Latency-Optimised High-Frequency Financial Trading with VPP
High-frequency trading, or HFT, refers to a type of algorithmic trading that uses systems to execute trades in financial markets at extremely high frequency. In general, trades are quick, and the level of profit gained largely depends on the speed at which the trade is entered and exited. The asset being traded may range from stocks to commodities, with an increasing focus on cryptocurrency markets.
In high-frequency trading, milliseconds can make a big difference in the outcome of a trade. An electronic trading system with low latency can identify a trading opportunity and execute a trade faster than a competing system with high latency. Low latency transaction processing can give trading systems a significant advantage in fast-moving markets.
Additionally, high-frequency trading relies on the system’s ability to process and analyse large amounts of market data quickly. Low latency systems are better equipped to handle this workload and can help trading systems make more accurate predictions in identifying patterns in the market by reacting to changes in market data more efficiently.
Optimising the latency performance of a high-frequency trading application can help gain a significant edge over the competition, and therefore help maximise potential trading profits.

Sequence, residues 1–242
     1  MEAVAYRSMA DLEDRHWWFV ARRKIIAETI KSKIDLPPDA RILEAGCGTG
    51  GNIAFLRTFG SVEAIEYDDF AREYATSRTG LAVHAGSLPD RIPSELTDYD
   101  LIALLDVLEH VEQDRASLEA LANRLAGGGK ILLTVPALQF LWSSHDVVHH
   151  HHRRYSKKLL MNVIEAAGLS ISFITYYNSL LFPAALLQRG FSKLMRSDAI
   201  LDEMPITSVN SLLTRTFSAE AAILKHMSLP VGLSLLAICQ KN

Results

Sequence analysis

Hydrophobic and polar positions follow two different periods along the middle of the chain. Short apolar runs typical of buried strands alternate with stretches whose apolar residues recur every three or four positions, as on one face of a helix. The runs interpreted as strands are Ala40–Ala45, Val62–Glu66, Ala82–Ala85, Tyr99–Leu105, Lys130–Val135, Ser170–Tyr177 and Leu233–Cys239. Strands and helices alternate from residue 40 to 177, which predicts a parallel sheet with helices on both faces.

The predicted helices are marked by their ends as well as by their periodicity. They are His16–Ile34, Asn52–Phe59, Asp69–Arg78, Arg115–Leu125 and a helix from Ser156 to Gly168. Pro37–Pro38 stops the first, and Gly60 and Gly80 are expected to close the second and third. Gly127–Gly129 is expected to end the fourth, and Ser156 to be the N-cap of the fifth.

Financial Trading Application Overview
To understand how the latency performance of high-frequency trading applications can be optimised, it is important to understand how these applications function and how they are deployed.
Data is typically acquired by the trading application through application programming interfaces, or APIs. These APIs are hosted by financial exchanges and market data providers. The data may include information such as asset prices, order book data and news feeds. This information is critical in decision making on what trades to take. The faster that data is obtained, the more responsive the application can be to changes in this data. Maximising network packet throughput and minimising latency are therefore important goals when acquiring market data.
The acquired data is processed in real-time by the trading application using complex software algorithms to identify potential trading opportunities. The speed at which a decision is made is tied directly to the efficiency of the data processing algorithms. For that reason, data processing can become a critical application bottleneck. Software optimisation of these algorithms is important to improve overall application latency.